Tourists in an open jeep viewing a male lion during a gam drive.

 

 

 

 

 

 

 

 

 

 

 

 

 

(J)Visa to Uganda
(K)How long does it take to get Uganda E-visa?
How long does it take to get a Uganda e-Visa? All types of Uganda e-Visa are typically processed within 7 working days. In many cases, applicants receive their visa even sooner. That said, it is advisable to apply at least a week before the date of travel.

(L)Does a US citizen need a visa for Uganda?
Do Americans Need a Visa to Travel to Uganda? Yes, US passport holders must have a valid visa for Uganda to enter the country. Americans traveling to Uganda on vacation or for other short-term stays can apply online.

(M)Can you get a visa at Entebbe Airport?
Except for the citizens of visa-exempt countries, all travelers need a Uganda visa to cross the border. While there are multiple ways of getting a visa for Uganda, online or at an embassy, one thing that you need to know for sure is that Uganda visas are no longer obtainable at the Entebbe International Airport. You have to apply online.

Ugandan immigration laws state that visa on arrival required citizens must go directly to a border checkpoint upon arrival in the country, to wait in a queue to be handed an application by an immigration officer.

 

All persons intending to travel to Uganda for holiday, tourism, business, study, visit, and/or medical are required to apply and obtain a visa online. Applications should be filled at the following link: https://visas.immigration.go.ug/.

 

(Q)Does a British citizen need a visa for Uganda?

Do British citizen Need a Visa to Visit Uganda? Yes, passengers traveling to Uganda with a UK passport must have a valid visa to enter the country. When going to Uganda on holiday or for other short-term visits, British nationals can use a Uganda electronic visa (e-Visa).

The airlines have access to the rules for Uganda ie you should have a ticket for either a return flight or onward travel. If you don’t you may run into problems – because the airline can be found liable if they have allowed travel with insufficient checks.
Yellow fever vaccination is required by national authorities for international travelers over one year of age entering Uganda.
If your nationality is one of the list, you don’t need to apply for a Visa for entering in Uganda:
  • Angola.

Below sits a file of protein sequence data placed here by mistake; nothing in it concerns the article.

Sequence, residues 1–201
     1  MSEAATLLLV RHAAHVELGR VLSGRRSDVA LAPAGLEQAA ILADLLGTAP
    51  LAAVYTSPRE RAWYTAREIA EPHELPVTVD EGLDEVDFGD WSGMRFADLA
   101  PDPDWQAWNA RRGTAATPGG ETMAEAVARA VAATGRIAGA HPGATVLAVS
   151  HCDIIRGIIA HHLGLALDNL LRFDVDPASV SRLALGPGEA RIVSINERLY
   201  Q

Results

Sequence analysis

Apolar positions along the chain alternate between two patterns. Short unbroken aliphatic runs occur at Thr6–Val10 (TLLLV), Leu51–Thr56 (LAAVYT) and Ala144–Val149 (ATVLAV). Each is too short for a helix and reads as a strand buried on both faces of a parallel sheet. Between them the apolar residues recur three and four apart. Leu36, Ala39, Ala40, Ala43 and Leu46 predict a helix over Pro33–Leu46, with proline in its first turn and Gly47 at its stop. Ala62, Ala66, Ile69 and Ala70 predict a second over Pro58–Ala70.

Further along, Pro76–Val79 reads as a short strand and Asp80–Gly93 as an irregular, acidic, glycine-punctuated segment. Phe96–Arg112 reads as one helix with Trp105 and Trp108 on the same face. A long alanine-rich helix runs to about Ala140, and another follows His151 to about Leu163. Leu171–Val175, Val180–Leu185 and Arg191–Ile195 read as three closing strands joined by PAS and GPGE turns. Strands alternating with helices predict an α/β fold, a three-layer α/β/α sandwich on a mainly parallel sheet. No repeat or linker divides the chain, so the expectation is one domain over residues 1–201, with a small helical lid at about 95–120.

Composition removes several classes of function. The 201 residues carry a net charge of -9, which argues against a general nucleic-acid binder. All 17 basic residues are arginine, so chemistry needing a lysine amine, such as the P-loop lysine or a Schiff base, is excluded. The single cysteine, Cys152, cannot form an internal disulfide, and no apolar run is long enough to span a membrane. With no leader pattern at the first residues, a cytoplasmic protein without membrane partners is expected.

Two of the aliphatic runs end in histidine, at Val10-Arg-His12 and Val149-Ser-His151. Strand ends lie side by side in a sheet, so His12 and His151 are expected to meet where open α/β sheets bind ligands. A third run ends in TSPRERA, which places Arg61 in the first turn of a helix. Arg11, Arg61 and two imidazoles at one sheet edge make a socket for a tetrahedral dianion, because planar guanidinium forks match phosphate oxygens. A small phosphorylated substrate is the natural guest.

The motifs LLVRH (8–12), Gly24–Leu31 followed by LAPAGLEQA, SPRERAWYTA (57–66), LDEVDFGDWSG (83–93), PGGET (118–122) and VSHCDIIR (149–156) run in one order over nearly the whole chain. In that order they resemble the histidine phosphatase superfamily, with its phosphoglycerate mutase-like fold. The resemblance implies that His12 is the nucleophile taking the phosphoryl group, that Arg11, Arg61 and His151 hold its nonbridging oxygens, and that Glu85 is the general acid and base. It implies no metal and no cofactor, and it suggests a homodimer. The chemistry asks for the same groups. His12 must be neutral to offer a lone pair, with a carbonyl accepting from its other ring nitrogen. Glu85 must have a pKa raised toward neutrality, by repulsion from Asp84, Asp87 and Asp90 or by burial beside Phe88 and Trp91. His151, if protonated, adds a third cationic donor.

• Botswana.

  • Ireland.

  • South Sudan.

  • Eritrea.

  • Malawi.

  • Malaysia.

  • Madagascar.

What Do I Need for a Uganda Visa Application? Travelers interested in a tourist or business visa need their passport, passport photo, a visa application form, proof of travel, a letter of invitation, and a business letter in order to obtain their visa.

The Uganda Tourist e-Visa is valid for 90 days after issued. The length of stay is 45 days in Total, and it is valid for one Single Entry. The applicant must be outside the Republic of Uganda at the time of application. The applicant must not have any other current Uganda visa.

A visa on arrival is simply a visa that is granted when you arrive in a foreign country. It is issued to foreign nationals who need a visa to enter the country but does not require them to apply in advance of travel. This is made available to travelers visiting for short-term visits.
Malaria precautions

Malaria risk is high throughout the year in all areas including in the main towns and cities. High risk areas: atovaquone/proguanil OR doxycycline OR mefloquine is usually advised.

Visas can be obtained in advance of travel to save time. If you’re planning to stay less than 90 days, you can obtain a visa on arrival at the airport. A VOA costs 33.26. In order to be issued a VOA, you need to present a return or onward ticket.

(Y) Can i drink Tap water in Uganda?

No. the water straight from the taps in Uganda is not clean so we would advise you drink bottled water at all times. This includes ice in your drinks, and the water you use to brush your teeth. Bottled water will be provided in lodges and on safaris for your consumption.

(Z) What activities are there, aside from gorilla tracking?

There are many things to see and do in this outstanding destination, aside from tracking the mountain gorillas.

Tracking the mountain gorillas is a huge highlight of Uganda and we would never recommend you go there and miss the opportunity. However, you can track the golden monkeys, a completely different experience to tracking the gorillas, or trek to the grave of Dian Fossey and her favorite gorilla, Digit. The birdlife is outstanding in Uganda and if you are very lucky, you can spot unique wildlife such as the shoebill. You can also climb a volcano, visit the local villages and orphanages or go on a 4 wheel drive safari in search of Uganda’s game. Uganda is also home to tree-climbing lions. If you fancy something even more adrenaline fueled, you can try white river rafting down the Nile River!

  • What wildlife can i see in Uganda?

    With land rich in primates, reptiles, birds, plants and other wildlife, there is lots to watch out for, not just Gorillas and Chimpanzees. More details on what you could find here…

    Current evidence indicates that the forests of Bwindi Impenetrable National Park, Mgahinga Gorilla National Park and Volcanoes National Park are one of the most diverse forests in East Africa having some of the richest populations of trees, primates, small mammals, butterflies, reptiles and moths. Primates include the mountain gorilla, chimpanzee, golden, L’Hoest’s, red-tailed and blue monkey, black & white Colobus monkey, and the olive baboon. Nocturnal primates include the potto, Demidoffs Galago, and the Needle-clawed Galago. Carnivores such as golden cat, genets, civets and side-striped jackals also exist but are rare. These national parks have some of the richest and finest montane forest birding in Africa. 

    With over 350 species of birds, Bwindi is believed to be among the parks with one of the largest number of bird species in all of East Africa. A staggering 23 of the 24 Albertine Endemic species are only found in Uganda, Rwanda, Burundi and Democratic Republic of Congo. The Albertine Endemics species that are found in Bwindi include the globally threatened species such as African green broadbill, Shelley’s crimsonwing and Chaplin’s flycatcher, and others such as Archer’s robin-chat, Kivu ground thrush, red-throated alethe, strange weaver, Oberlaender’s ground-thrush, and dwarf honeyguide. Other bird species found in Bwindi include the Fraser’s eagle owl, the Western bronze-naped pigeon, the Willcock’s honeyguide, and the rare black bee-eater.